Volkswagen is therefore researching new technologies that produce less or even no CO2 at all. This involves not only emissions, engines and powertrains but the whole production of vehicles and the question of what to do with the vehicles once determined inoperable? An important factor is the energy mix used for powering the Volkswagen Group production sites, as well as the energy mix used for charging electric cars. The greener the electricity being consumed is, the less CO2 is being released into the atmosphere – and the better it will be for us humans and the environment.
CO2-production: Petrol vs. diesel
Petrol powered vehicles give rise to the highest CO2
emissions within passenger vehicle drivetrains - regarding vehicle operation, combined with the values both from production of the vehicle and fuel economy. The production of diesel vehicles emits more CO2
than vehicles fitted with a petrol engine but it is being compensated for by lower emissions through an increased fuel economy and vehicle operation. As a rule of thumb, depending on the model, the fuel economy is on average, between 15 and 20 per cent more fuel economical. Also in comparison with natural gas engines, diesels achieve a higher CO2
balance. This is primarily due to the fact that diesel fuel supply has lower CO2
emissions than natural gas supply.
On a global scale, China emits the most carbon dioxide, followed by the United States, India, Russia and Japan. Germany ranks in sixth place. Quelle: http://www.globalcarbonatlas.org/en/CO2-emissions
What is Volkswagen doing?
Volkswagen works essentially in two areas to reduce CO2 emissions: On the one hand, the company is beginning with full-scale, mass market production of e-mobility vehicles, for the first time. With the launch of the ID. family later this year, the Group will be the first manufacturer to offer a wide range of all-electric compact, small and luxury vehicles to a broad market. At the same time, the Group continues to optimize its petrol and diesel engines, as well as developing numerous hybrid models.
- By 2025, Volkswagen Group will launch a total of 50 new e-models to the market, manufactured at facilities in Europe, China and the USA.
- By 2023, the Group will be investing 44 billion euros in e-mobility and future technologies. With the CO2 target of 95 grams by 2020/21, the Group is well on its way to achieving its ambitious target - and is making considerable efforts to achieve that. Source: Volkswagen Group
- Newly registered passenger cars from Volkswagen Group now consume 25 per cent less fuel than in 2007. Source: Volkswagen Group
- According to official data from the German Motor Vehicle Federation (KBA), last year Volkswagen was the largest manufacturer of new pure electric car registrations in Germany. In 2018, 6,799 fully electric Volkswagen passenger vehicles were registered in Germany, out of a total of 36,062 pure-electric passenger cars. This means that Volkswagen accounted for 18.9 per cent of this future segment. Source: German Motor Vehicle Federation (KBA),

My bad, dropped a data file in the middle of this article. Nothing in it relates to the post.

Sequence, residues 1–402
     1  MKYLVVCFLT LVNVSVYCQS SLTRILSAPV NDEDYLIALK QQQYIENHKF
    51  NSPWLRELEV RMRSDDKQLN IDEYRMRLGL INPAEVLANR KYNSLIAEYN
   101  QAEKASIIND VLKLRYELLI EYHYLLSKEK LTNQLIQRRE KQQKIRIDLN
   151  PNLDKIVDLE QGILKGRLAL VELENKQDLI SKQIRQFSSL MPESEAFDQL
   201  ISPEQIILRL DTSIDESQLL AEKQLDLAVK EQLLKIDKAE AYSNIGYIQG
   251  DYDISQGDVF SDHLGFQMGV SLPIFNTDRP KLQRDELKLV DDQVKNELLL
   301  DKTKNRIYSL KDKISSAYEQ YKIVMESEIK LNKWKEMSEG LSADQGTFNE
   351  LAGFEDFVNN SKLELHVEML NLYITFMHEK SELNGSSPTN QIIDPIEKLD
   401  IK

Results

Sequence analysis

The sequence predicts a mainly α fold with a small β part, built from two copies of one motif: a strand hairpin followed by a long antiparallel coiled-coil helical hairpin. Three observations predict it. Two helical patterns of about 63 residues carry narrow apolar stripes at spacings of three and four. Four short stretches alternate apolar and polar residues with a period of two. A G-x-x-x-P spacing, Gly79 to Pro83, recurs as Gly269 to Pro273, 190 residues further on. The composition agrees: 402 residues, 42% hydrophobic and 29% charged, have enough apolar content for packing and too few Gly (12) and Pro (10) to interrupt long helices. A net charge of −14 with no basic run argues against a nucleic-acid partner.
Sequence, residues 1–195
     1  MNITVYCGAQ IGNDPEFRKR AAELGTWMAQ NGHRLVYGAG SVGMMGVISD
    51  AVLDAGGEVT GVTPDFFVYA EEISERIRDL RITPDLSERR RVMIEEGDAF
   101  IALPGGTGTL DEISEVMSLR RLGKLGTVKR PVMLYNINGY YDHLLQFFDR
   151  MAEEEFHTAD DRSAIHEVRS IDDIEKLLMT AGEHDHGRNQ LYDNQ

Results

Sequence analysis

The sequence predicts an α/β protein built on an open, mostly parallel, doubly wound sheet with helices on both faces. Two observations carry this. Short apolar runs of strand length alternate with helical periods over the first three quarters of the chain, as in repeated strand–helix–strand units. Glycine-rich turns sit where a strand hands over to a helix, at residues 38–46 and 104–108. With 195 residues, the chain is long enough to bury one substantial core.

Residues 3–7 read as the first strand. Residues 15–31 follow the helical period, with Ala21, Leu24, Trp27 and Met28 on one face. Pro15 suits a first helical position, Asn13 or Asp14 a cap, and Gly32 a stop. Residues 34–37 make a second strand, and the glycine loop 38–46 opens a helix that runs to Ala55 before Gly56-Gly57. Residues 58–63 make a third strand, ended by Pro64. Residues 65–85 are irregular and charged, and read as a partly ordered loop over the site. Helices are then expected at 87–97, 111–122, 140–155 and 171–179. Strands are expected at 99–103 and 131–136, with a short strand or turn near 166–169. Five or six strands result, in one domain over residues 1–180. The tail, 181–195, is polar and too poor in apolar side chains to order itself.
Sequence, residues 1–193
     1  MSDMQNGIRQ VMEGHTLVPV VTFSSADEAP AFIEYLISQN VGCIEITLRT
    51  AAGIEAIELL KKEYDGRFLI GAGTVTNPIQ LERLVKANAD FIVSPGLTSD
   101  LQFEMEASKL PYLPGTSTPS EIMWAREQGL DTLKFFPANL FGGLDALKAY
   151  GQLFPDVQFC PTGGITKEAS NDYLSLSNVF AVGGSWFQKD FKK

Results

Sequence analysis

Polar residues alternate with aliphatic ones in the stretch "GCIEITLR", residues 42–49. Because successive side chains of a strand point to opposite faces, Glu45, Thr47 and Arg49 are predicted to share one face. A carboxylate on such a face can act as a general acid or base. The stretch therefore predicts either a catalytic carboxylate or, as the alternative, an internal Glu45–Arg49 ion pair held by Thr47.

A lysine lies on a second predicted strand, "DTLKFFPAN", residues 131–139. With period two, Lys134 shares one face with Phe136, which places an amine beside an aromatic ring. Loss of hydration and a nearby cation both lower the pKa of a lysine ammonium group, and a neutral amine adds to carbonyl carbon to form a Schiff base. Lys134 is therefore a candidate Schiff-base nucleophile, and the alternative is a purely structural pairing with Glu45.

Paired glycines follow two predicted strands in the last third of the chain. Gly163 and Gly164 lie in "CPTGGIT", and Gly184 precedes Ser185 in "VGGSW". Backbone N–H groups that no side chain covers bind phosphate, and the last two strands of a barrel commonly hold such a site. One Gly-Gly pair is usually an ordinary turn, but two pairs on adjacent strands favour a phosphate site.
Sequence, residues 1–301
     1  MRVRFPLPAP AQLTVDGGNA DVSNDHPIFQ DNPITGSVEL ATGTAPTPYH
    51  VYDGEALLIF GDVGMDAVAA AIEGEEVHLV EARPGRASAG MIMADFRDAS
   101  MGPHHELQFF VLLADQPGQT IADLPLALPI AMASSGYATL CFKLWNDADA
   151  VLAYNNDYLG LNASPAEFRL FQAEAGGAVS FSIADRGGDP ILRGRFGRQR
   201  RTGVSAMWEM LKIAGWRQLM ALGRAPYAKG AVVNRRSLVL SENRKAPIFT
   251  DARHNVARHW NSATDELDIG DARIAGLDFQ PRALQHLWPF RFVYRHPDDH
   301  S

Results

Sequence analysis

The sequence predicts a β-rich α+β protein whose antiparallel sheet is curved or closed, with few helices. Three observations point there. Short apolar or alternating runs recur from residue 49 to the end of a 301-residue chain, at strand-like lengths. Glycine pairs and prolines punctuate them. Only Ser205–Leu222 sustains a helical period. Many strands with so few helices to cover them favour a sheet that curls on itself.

- Over the past 15 years, the Volkswagen Group has reduced pollutant emissions from diesel and petrol engines by 84 per cent 60 per cent, respectively.
- The CO2 balance of the diesel engine is 15 per cent lower than that of other combustion engines. Comparable fuel savings in hybrid vehicles can only be achieved with much greater technical effort.
- The latest generation of diesel engines (EA288 evo) from the Volkswagen Group have even lower emission levels and reduce consumption and CO2 emissions by a further 10 per cent. Source: Volkswagen Group
But it is not only low-consumption engines and all-electric models that serve the goal of saving CO2. It is just as important for the Volkswagen Group to conserve resources at the production stage. For this reason, the company also uses sustainable materials everywhere, such as renewable raw materials. The aim is to reduce CO2 emissions over the entire value chain and lifecycle.
The Group is driving forward many other environmental projects. For example, the CO2-neutral Volkswagen renewable electricity comes from hydroelectric power plants in Germany, Austria and Switzerland. Just in time for the launch of the ID. family, Volkswagen will also be offering "Volks-Wallboxes" for charging at home. While the car is charged with 3.7 kilowatts (kW) via the normal 230V power grid, the Wallbox for the ID. and Co. operates with charging capacities of up to 11kW. If the domestic power connection is capable of such a power consumption, the battery will be 100 per cent charged overnight. The Volkswagen Group will also be extensively involved in charging at destinations such as company car parks and shopping centres. This will initially include the expansion of charging points at Volkswagen employee car parks from the current 1,000 to more than 5,000 charging stations by 2020, as well as equipping all 4,000 dealers and service partners in the EU with several charging options by 2020. In the fleet business, the Group will act as a partner to the brands and support their customers in converting their fleets to electromobility. Even companies without a fleet of company cars can request advice on the topics of energy and charging infrastructure - especially with regard to installation, operation and service. Source: Volkswagen Group